California, where increasingly dense veils of smog were erasing once breathtaking views, took the lead. It required exhaust-control devices in the 1966 model year. The feds followed suit in 1968, imposing nationwide standards similar to California's.

Then Sen. Edmund Muskie (D-ME), led an effort to amend the Clean Air Act in 1970. Emissions of carbon monoxide, hydrocarbons and nitrogen oxide were to be cut by 90% by 1976. While Honda, Mazda and Mercedes-Benz came up with engine technology to easily meet those goals, the Big Three lobbied hard, and successfully, for a two-year delay in the deadline. Thanks to GM's catalytic converter, which required drivers to use only unleaded fuel, all three domestic makers were able to meet the goal without drastic break-throughs in engine technology.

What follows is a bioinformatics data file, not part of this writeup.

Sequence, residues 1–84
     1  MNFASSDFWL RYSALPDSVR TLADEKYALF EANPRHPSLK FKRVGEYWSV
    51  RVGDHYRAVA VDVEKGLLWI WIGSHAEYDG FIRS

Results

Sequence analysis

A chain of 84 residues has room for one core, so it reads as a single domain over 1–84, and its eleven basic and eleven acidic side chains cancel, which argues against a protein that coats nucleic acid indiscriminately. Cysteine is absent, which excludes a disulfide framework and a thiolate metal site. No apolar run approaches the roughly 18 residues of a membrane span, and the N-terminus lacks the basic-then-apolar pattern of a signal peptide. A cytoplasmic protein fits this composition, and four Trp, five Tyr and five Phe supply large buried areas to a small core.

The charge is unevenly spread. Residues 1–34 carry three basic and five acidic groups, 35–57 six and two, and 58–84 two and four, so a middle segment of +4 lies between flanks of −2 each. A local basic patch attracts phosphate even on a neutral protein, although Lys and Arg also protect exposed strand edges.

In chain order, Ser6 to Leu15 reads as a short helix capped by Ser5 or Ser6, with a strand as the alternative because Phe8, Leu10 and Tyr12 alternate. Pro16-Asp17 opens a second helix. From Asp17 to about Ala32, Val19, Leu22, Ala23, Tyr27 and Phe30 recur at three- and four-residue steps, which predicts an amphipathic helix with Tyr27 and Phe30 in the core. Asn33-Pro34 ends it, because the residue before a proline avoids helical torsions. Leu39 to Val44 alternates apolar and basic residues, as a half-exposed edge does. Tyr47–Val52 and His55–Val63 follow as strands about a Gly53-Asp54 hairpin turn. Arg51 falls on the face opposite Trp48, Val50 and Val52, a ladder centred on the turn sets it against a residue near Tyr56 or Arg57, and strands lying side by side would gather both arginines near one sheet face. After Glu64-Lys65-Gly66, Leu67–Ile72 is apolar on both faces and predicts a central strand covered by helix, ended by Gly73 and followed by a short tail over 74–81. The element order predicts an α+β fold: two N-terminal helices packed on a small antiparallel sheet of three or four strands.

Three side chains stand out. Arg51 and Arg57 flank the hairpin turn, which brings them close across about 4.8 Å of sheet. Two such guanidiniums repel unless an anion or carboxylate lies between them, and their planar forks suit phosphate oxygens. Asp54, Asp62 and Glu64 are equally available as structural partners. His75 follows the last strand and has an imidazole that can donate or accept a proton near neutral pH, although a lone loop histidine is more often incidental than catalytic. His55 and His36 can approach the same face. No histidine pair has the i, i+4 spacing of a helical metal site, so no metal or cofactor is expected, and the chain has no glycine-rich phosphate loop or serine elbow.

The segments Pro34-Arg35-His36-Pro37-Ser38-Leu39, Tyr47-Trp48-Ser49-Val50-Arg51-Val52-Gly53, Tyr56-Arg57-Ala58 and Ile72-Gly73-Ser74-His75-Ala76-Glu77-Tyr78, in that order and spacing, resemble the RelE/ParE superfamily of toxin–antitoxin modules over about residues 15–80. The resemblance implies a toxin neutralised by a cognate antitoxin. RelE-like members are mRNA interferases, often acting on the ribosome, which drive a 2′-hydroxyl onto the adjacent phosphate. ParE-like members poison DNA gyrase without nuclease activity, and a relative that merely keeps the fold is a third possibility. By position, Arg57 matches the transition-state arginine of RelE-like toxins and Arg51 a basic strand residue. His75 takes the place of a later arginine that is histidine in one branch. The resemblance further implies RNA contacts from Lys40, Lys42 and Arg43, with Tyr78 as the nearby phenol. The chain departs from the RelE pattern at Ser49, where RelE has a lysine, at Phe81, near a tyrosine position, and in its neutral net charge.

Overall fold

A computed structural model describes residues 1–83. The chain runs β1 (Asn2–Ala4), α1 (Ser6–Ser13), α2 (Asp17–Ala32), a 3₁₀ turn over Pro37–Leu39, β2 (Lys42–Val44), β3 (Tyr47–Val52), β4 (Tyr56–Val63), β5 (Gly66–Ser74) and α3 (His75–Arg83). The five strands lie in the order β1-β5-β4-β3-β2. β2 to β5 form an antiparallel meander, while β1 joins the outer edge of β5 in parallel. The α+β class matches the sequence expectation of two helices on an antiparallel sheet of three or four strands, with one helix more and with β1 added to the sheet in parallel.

Chrysler thought it could bank on "lean-burn" technology, but wound up buying converters from GM at more than twice GM's cost, a disadvantage it could ill afford as it drifted into a crisis that would require another form of government intervention.

From the spring of 1973 to the spring of 1974 the average retail price of regular gasoline had jumped from 38 cents a gallon to 54 cents a gallon. It was the nation's first glimpse of how the global economy would jolt our post-war prosperity. But the second "oil shock" in 1979 more than doubled gas prices between 1978 and 1981.